As VVSA began taking enrollments, the question of which students will thrive in the virtual academy setting continually came to the forefront. Prior to enrolling any student in a virtual course, VVSA leaders open their doors to parents and students for more in-depth conversations to ensure the right fit. The school serves a variety of student needs, including homebound or hospital-bound students, those who have experienced bullying or mental health concerns, and students who need a more flexible academic schedule like fifth-year seniors.
“This has become kind of a safe haven for parents,” remarked Mrs. Smith. “So, we just sit and listen to them and then try to use what they’re giving us to build the best plan.” That plan could include an entirely virtual experience or a hybrid model leveraging brick-and-mortar services at the local alternative school, Booker T. Washington High School, in addition to online courses.
VVSA credits much of its success to the extra layer of accountability that students are provided. Two teachers at Booker T. Washington serve as virtual mentors or coaches making weekly phone calls or sending weekly emails to check in with students and provide help.
“One of the things we wanted to do from the beginning was to make sure that our virtual students had a place to go,” commented Dr. Stacy Mason, executive director of secondary education for VCSC. “If [students] need resources, need help, want to talk to a counselor, want to talk to a mentor teacher—whatever the situation is—we have this available to [them].”
Just six months into this endeavor, the numbers already indicate that VCSC’s online learning endeavor is a success. According to current enrollment reports, 117 students are now receiving virtual instruction at VVSA. Most of those students were from other virtual programs in need of additional support. But, success isn’t just about the number of students attending the new virtual school; it’s also about being able to provide consistent learning and ongoing support as students determine the right learning environment for them, whether that’s entirely virtual, brick-and-mortar, or some combination of the two.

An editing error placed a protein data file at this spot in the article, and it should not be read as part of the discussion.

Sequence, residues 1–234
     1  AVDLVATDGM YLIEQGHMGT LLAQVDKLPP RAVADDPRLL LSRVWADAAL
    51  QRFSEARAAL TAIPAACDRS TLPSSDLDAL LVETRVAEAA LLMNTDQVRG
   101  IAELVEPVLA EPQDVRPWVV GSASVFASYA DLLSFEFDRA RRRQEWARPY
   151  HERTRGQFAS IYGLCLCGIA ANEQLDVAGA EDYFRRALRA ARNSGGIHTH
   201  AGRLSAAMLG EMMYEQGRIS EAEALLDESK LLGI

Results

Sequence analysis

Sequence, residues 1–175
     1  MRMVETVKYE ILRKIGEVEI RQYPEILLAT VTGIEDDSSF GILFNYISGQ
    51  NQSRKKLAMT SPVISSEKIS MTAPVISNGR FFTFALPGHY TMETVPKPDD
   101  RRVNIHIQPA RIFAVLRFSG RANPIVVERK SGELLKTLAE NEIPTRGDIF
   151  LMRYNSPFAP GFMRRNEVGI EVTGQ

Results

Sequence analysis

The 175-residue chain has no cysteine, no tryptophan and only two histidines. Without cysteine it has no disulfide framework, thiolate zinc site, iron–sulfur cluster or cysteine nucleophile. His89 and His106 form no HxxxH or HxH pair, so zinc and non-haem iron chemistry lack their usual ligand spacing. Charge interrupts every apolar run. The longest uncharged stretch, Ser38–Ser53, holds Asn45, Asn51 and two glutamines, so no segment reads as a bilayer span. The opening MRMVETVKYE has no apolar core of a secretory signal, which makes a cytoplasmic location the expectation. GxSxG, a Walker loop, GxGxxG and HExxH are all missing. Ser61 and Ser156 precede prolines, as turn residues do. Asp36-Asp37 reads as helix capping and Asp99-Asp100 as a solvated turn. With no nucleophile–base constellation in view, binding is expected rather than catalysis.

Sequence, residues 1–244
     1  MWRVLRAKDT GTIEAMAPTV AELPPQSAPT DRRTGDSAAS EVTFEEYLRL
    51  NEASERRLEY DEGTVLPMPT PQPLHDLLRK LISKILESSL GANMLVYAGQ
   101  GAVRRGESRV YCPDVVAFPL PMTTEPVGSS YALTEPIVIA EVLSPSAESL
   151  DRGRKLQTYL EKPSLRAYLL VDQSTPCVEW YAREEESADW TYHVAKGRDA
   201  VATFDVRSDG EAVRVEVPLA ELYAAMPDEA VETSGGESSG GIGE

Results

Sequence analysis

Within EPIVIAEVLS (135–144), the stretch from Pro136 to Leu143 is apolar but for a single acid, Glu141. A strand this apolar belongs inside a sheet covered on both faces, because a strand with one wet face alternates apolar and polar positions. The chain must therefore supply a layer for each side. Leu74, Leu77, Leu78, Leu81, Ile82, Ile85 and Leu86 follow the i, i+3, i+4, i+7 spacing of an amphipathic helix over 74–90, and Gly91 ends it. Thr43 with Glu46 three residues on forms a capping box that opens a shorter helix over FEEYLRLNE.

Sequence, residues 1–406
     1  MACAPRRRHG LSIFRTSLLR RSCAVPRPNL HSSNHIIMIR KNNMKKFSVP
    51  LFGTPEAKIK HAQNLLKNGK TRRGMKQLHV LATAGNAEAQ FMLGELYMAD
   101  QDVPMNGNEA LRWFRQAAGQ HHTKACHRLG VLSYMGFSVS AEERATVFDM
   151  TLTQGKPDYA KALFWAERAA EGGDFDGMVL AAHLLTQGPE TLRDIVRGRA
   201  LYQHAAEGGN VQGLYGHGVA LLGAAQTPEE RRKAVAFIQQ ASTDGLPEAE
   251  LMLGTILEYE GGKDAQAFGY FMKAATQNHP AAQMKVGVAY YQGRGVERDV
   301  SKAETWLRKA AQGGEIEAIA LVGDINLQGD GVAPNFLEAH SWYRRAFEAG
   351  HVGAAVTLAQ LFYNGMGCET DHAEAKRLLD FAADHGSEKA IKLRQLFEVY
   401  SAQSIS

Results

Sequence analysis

“It’s been really fun to have the flexibility to truly develop a plan that we hope, and the student and parent hopes, will work for them,” noted Mrs. Smith. “[With our mentors and coaches] there’s a face and a name and a phone number so they can get to us. The Edmentum EdOptions teachers are phenomenal in what they do with the coursework, and we’re offering that mentoring/coaching piece here that just adds that extra layer of support.”
In June 2021, Teacher-Success Coach Lindsay Wilhoyte was selected as Edmentum's Inspiring Teacher of the Year. Check out a short interview with her to learn more about Vigo's implementation from an educator perspective.
The overwhelming interest in Vigo Virtual Success Academy has led to school and district leaders temporarily “putting the brakes on” further growth. Instead, they’ve elected to focus on providing high-quality education for the students they are currently serving while thoughtfully planning their next move. Parent phone calls and interest from neighboring districts have opened up conversations regarding extension into elementary or middle school grade levels or welcoming students from neighboring counties.
“While we know there's competition for enrollment dollars because that's what keeps us afloat, [the outside interest] also shows that there's compassion when it comes to educators doing what's best for their kids and providing them with the opportunity to have a diploma in hand,” said Dr. Mason.
As next steps continue to unfold, school leaders are proud of the outcomes they’re seeing so far and the lessons learned along the way.
“(A) you can’t be afraid to do it,” reported Dr. Mason. “(B) you need to do your research on the front end. We chose Edmentum [and EdOptions Academy] for a reason. That's because we felt from the get-go that the support that Edmentum could provide us was the best. And, we knew that when you're going into something like this that was very unknown for us, we knew we were going to need support. Edmentum really rose to the top.”
County school vigo virtual